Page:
Vayeilech 5782

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Resurrection of the dead and knowledge of the future[1]

ויאמר יקוק אל-משה הנך שכב עם-אבתיך וקם העם הזה וזנה אחרי אלהי נכר-הארץ וגו’‏
Hashem said to Moshe: “Behold, you will lie with your ancestors, and this nation will get up and sway after the gods of the inhabitants of the land…”[2]

A non-Jewish matron[3] once asked Rabbi Yehoshua ben Chananya a theological question[4]. Two basic tenets of the Jewish faith are that Hashem knows the future, and that in the final redemption there will be a resurrection of the dead. This matron asked for a source to these two beliefs. He responded from a verse in this week’s parsha. Hashem told Moshe הנך שכב עם אבותיך, you will lie with your ancestors. Moshe was told he was about to perish. Then it says וקם העם הזה וזנה אחרי אלהי נכר הארץ, the nation will get up and serve idols. Rabbi Yehoshua said to read the verse as if וקם, “will get up”, as if it was referring to Moshe[5]. Meaning, Moshe will die, but then he will get up. We see the dead will be resurrected. Furthermore, the verse says that the nation will serve idols, which they did. This shows Hashem knows the future.

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Asarah BaTeves 5781

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When Asarah BaTeves falls on Shabbos[1]

בן-אדם כתב-לך את-שם היום את-עצם היום הזה סמך מלך-בבל אל-ירושלם בעצם היום הזה
Son of Man, write for yourself the name of today. On this very day, the King of Babylonia began his siege on Jerusalem, on this very day[2]

Of the four minor fasts in commemoration of the destruction of Jerusalem and the Temple, the tenth of Teves is unique. This fast, which is in commemoration of the beginning of the siege on Jerusalem[3], is the only fast in our present calendar that can fall on a Friday[4]. It creates an unusual situation where we go into Shabbos having not eaten the entire day prior. Usually, a person shouldn’t go into Shabbos hungry[5]. This day is the exception. While this in fact happens this year, 5781, it’s also a very infrequent occurrence. Although it will happen again in two years, it’s been 20 years since it last happened. Something else that’s unique about the fast known as Asarah BaTeves is that in our present calendar, it cannot fall on Shabbos. The other fast days can. However, since it is forbidden to fast on Shabbos (besides Yom Kippur), they get pushed off until Sunday[6]. This situation doesn’t occur for Asarah BaTeves, as it cannot fall on Shabbos anyways.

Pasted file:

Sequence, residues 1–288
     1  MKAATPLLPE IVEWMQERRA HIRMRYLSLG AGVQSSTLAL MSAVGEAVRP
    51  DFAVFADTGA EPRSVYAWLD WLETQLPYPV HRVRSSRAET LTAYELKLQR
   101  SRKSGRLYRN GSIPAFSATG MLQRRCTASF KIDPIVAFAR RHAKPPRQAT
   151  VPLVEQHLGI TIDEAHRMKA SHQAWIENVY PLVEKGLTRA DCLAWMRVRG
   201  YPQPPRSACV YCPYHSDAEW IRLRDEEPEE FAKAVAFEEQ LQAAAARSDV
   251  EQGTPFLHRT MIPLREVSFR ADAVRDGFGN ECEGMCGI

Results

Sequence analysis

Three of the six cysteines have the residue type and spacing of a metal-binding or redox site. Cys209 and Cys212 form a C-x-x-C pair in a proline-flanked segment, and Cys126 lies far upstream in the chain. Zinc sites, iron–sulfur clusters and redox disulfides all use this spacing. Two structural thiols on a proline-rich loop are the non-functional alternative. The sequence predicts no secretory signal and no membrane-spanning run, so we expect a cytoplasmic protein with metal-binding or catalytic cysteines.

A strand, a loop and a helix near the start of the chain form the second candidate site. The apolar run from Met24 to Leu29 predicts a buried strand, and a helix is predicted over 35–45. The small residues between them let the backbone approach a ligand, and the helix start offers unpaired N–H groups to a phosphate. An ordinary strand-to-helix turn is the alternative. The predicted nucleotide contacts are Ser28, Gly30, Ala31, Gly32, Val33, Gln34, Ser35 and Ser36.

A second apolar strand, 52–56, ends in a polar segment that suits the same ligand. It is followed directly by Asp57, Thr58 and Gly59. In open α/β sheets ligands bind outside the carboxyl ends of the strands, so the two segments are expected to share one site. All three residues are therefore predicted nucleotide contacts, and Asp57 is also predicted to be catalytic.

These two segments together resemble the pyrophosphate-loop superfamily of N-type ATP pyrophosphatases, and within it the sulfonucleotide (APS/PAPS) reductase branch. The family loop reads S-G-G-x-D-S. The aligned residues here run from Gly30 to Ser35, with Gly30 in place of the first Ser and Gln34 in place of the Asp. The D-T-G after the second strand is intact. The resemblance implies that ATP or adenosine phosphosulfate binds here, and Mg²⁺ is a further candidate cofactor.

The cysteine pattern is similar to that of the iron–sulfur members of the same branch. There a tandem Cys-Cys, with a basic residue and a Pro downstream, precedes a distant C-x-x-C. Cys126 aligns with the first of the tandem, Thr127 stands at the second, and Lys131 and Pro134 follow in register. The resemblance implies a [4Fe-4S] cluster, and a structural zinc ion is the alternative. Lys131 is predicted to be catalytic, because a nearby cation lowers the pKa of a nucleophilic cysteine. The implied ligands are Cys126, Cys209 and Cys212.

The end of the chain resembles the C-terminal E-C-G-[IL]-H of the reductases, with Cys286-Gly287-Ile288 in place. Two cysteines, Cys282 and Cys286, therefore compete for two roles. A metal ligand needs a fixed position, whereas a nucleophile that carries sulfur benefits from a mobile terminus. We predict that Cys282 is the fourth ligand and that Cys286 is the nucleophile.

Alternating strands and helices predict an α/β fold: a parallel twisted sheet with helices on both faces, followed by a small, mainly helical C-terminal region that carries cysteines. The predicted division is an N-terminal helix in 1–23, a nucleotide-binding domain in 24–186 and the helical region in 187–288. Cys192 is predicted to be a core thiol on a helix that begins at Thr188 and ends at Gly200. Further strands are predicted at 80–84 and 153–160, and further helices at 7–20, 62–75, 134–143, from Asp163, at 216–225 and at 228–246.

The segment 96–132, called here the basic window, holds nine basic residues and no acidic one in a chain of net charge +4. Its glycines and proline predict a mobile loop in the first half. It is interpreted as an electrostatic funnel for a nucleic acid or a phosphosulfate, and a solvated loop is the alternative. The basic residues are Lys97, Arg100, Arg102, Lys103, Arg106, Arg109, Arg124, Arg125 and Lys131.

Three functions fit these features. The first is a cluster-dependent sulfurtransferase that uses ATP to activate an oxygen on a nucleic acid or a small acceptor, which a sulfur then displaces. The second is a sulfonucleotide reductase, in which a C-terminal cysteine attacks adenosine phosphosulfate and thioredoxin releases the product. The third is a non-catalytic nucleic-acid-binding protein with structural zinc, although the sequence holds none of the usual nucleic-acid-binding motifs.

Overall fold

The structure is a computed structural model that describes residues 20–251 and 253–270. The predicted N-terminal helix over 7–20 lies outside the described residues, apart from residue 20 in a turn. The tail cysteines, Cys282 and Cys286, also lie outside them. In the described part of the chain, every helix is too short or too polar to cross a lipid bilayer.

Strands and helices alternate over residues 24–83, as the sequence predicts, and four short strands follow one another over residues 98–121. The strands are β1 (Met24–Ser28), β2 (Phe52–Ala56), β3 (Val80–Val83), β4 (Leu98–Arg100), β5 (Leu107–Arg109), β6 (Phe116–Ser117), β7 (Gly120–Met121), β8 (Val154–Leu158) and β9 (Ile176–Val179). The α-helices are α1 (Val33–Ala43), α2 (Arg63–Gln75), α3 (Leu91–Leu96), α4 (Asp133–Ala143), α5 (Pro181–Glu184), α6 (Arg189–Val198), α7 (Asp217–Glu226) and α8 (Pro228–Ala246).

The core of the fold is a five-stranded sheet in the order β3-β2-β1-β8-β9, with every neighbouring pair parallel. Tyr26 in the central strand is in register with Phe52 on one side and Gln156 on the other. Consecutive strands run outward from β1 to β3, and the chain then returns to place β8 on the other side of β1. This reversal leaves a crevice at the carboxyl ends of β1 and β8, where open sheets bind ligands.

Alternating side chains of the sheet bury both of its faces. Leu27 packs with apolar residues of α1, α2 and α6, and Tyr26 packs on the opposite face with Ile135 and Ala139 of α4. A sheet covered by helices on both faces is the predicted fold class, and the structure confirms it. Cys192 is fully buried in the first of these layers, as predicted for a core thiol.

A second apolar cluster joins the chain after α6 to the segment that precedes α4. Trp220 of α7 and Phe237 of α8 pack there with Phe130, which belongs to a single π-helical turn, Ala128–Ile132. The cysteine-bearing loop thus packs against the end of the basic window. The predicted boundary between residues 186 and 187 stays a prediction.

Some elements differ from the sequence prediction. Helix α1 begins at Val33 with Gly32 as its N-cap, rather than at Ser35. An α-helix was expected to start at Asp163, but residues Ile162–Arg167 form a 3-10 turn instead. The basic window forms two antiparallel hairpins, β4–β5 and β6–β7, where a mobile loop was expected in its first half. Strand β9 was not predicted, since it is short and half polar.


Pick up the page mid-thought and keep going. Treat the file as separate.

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Eikev 5780

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Who does good and causes others to do good[1]

ואכלת ושבעת וברכת את-יקוק אלקיך על-הארץ הטבה אשר נתן-לך
You shall eat and be satiated, and [then] bless Hashem, your G-d, for the good land which He has given you[2]

The often-occurring mitzvah of Birkas HaMazon, known colloquially as bentsching, finds its source in the above verse. We are taught[3] that the first three blessings of the four-part bentsching are of biblical origin: to thank Hashem for the nourishment, to thank Hashem for the land, and to thank Hashem for Jerusalem. This is opposed to the final blessing, known as HaTov VeHaMeitiv, literally “the Good and Who causes others to do good”, which is Rabbinic. Why did the Sages enact this extra blessing? They teach us[4] that the reason is in commemoration of the destruction of the city of Beitar.

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